Arrow-right Camera
The Spokesman-Review Newspaper
Spokane, Washington  Est. May 19, 1883

WSU announces second, broader, review of student discipline

Steven Bischoff, a retention counselor, speaks at the Washington State University board of regents open meeting on Friday, Nov. 3, 2016, at the Compton Union Building on the Pullman campus. In the background is state  Sen. Michael Baumgartner, left, and suspended football player Robert Barber (in white shirt and tie). (Jacob Thorpe / The Spokesman-Review)

Washington State University will undertake a broad review of its student conduct process following widespread criticism of how it handles criminal accusations and expulsions.

The university also will start using “emergency rules” to create a full adjudication process for students facing expulsion or accused of sexual assault, following a court ruling.

Those rules will go into effect in January, said Christine Hoyt, special assistant to WSU President Kirk Schulz.

The 15-member task force is comprised of faculty, staff, students and alumni. It is led by Craig Hemmens, the chair of the Department of Criminal Justice and Criminology.

“Our goal is to revise our conduct process to reflect best practices nationally,” Schulz said in a news release Friday. “We are committed to implementing conduct standards that provide a fair and equitable process for all students while protecting the safety and rights of the entire WSU community.”

The creation of the task force comes after a previously announced review led by attorney Marc Lyons that’s focused on alleged racial and ethnic bias on the part of the student conduct review board. Lyons’ review is expected to be completed in January and will be considered by the task force.

The task force review is a broader look at student discipline, with the goal of creating a revised student conduct process by the start of school in the fall.

Earlier this month the Washington Court of Appeals ruled that WSU, along with 26 other universities, must implement a more comprehensive adjudication process for students facing expulsion. The ruling was in response to the expulsion of a WSU doctoral student charged with third-degree rape and molestation of a 15-year-old girl in 2014.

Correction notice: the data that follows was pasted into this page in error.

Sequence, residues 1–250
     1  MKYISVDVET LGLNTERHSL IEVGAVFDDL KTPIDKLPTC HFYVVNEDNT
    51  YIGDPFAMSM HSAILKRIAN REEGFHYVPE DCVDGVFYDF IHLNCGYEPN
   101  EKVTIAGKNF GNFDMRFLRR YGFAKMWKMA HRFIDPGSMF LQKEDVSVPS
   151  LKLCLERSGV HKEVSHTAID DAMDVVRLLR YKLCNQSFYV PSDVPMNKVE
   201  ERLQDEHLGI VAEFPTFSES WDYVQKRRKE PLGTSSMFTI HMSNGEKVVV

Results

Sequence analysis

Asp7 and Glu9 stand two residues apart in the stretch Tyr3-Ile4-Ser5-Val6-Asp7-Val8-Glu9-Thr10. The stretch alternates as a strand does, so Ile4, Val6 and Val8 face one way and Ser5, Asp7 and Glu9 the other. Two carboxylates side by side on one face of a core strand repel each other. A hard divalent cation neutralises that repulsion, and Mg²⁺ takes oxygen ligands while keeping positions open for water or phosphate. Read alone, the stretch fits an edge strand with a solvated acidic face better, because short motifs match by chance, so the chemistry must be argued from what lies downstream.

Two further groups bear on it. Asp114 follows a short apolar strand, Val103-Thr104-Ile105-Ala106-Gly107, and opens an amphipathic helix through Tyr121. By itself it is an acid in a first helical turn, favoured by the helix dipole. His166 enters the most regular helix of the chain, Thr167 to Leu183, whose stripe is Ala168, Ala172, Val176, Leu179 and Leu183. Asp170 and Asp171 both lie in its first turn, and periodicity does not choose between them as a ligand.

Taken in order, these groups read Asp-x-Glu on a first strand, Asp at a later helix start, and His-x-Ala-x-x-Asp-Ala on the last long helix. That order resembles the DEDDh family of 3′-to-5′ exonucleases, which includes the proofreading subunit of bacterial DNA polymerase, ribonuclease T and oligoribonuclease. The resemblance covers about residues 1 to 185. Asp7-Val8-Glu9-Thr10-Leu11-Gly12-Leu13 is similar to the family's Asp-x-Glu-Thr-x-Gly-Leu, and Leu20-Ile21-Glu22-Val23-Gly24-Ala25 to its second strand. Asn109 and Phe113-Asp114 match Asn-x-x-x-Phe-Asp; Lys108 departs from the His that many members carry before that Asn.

Although the ruling was in response to a different case, it shares similarities to the controversy surrounding WSU football player Robert Barber, who was expelled in September for his alleged beating of a fellow student.

“I think it has morphed on us, in a way,” university spokesman Rob Strenge said of the task force. “The court ruling has increased the complexity of the work that the president wanted this group to do.”

According to the court ruling, the university suspended the doctoral student following his arrest and denied him access to campus. WSU then expelled the student after an hourlong hearing.

“I think the president had always intended to look at this issue,” said Hoyt, the special assistant to Schulz. “There are a number of things that have occurred that have caused us to move that process up to be immediate.”

Although the university has defended its student conduct process in the past, Strenge said the court ruling changed the nature of the review. Initially, he said, the university was going to look specifically at procedural issues that led to a court ruling allowing Barber to continue playing.

According to a Whitman County judge, WSU’s conduct board destroyed questions Barber submitted to the board, and paraphrased the questions.

Following the court ruling the university will look to create a fully adjudicated process for major cases.

Hemmens, the task-force chair, has taught at WSU since 2013.

In May, he wrote a letter to The Spokesman-Review criticizing head football coach Mike Leach’s address at Donald Trump’s rally in Spokane. He wrote that Leach “made a conscious decision to take advantage of his position to advocate for a particular political ideology.”

Prior to teaching at WSU, Hemmens taught at Missouri State University.